Preparing for your pilot interview

You’ve been through the training, you’ve submitted your applications and you’ve just landed an interview with an airline – here are Pilot Career News’ top tips to prepare for your pilot interview

Look smart

It hopefully goes without saying that you should look smart for any job interview, though in an airline setting, attire is particularly important. Airline employers will be looking for candidates who can represent the company in a professional light. More than that, the airline wants to see that the person they’re interviewing is capable of relaying updates and instructions to crew with authority, or putting a nervous passenger at ease. Does he or she look personable, approachable and professional? Clean, well-ironed, professional clothing and a groomed appearance is a great start.

Speak well

By choosing to interview you, the airline has already decided that, on paper at least, you are a good candidate. Now is your chance to show them in person. Use the interview as an opportunity to show that you are capable of speaking calmly and decisively, with a good choice of language and strong English skills. Don’t use slang or idiomatic language, and don’t even think about using any bad language, no matter how informal the conversation might seem on the surface. Harness your confidence and be sure to emphasise your leadership skills, as many airlines are now recruiting with future captains in mind.

Research the most common interview questions and practise, practise, practise

The most common interview questions can be easily found on pilot forums, blogs and career sites, and there are plenty of tutorials on YouTube. There are banks and banks of sample interview questions available online, some available for a fee, while others are free. Something you’re almost certainly going to be asked is, “Why do you want to be a pilot?” Make this your best answer. Think about how your answer will set yourself apart from the other candidates.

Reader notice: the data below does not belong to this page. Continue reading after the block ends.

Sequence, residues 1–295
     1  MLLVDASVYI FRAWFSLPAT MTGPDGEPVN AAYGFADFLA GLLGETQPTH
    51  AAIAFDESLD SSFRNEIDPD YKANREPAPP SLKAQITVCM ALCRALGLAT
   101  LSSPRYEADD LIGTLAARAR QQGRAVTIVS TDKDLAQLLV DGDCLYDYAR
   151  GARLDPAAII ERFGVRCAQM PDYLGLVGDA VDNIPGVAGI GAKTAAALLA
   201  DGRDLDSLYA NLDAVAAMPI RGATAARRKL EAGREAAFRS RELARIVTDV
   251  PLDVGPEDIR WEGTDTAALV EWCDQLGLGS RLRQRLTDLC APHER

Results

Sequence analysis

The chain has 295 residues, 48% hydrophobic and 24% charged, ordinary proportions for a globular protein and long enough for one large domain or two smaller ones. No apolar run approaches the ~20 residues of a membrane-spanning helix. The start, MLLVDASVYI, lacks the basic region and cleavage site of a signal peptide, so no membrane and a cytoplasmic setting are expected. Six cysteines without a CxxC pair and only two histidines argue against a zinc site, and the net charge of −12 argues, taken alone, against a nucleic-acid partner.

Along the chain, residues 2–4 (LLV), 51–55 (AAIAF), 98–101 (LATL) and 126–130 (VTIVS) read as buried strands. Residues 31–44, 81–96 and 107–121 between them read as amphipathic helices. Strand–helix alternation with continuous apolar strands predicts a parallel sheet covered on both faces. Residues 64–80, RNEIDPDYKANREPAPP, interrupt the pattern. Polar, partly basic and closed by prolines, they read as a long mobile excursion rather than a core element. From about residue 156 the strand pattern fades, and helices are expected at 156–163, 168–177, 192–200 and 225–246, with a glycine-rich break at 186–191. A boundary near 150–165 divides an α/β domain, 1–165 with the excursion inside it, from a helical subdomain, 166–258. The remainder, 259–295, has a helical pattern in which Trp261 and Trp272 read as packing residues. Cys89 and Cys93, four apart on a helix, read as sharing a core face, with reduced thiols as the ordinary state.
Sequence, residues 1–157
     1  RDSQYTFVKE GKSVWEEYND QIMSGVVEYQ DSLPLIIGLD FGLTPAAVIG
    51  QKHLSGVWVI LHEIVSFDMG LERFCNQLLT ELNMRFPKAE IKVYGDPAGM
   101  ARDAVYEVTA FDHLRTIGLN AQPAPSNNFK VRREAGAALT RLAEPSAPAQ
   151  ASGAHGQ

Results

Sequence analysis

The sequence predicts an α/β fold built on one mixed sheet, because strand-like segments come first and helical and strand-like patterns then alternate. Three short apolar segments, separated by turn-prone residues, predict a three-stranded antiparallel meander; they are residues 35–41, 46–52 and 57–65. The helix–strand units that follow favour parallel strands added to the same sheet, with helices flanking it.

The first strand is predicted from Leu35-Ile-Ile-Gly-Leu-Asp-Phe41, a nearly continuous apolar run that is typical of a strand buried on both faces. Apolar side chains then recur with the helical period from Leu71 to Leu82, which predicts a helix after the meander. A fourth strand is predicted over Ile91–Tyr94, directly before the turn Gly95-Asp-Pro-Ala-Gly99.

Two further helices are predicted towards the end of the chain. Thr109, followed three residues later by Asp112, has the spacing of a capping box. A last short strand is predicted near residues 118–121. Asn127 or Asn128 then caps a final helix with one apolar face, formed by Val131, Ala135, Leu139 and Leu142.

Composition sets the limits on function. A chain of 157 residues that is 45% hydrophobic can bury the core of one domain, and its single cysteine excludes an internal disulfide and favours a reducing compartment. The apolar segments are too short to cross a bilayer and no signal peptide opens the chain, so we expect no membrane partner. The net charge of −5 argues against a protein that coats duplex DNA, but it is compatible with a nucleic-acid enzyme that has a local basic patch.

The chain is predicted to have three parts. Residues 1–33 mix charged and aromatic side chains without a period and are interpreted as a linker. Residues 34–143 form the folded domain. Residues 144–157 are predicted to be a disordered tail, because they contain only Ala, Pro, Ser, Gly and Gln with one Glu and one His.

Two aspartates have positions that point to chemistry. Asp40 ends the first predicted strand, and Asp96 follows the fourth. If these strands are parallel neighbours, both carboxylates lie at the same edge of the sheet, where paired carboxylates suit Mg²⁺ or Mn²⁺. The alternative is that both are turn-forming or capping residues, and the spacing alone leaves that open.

Most airlines will be looking beyond a technical skillset and they will want to see evidence of your CRM (Crew Resource Management) skills. They are essentially looking for evidence that you will be able to manage a cockpit and flight crew effectively, as pilots must be able to manage high workloads, work with a variety of people, identify problems and make effective decisions. So be prepared for competency-based questions, such as, ‘Tell us about a time when…?’ or ‘Can you give us an example of how you have…?’

“Airlines use competency based questioning to assess your Pilot Specific Skill Set,” explains Ben Whitworth, Business Partner at Airline Prep. “These types of questions are used by the assessing team to help predict your future performance when faced with a variety of challenging situations. When preparing for these questions, keep your answers simple, effective and relevant. Don’t just ‘tell a good story’, but ensure that the answers you are delivering actually answer the questions you are faced with, and indeed deliver the appropriate skill. Our team at Airline Prep is one of several companies that offer interview prep and other assessment services, so feel free to contact us if you have an interview approaching.”

Revise for the technical part of the interview

There will also likely be a technical portion of your interview, regarding questions on the fleet that the airline operates, as well as a test of your wider aviation knowledge and technical skill, covering a range of subjects across the theoretical ATPL spectrum and perhaps the airline’s fleet.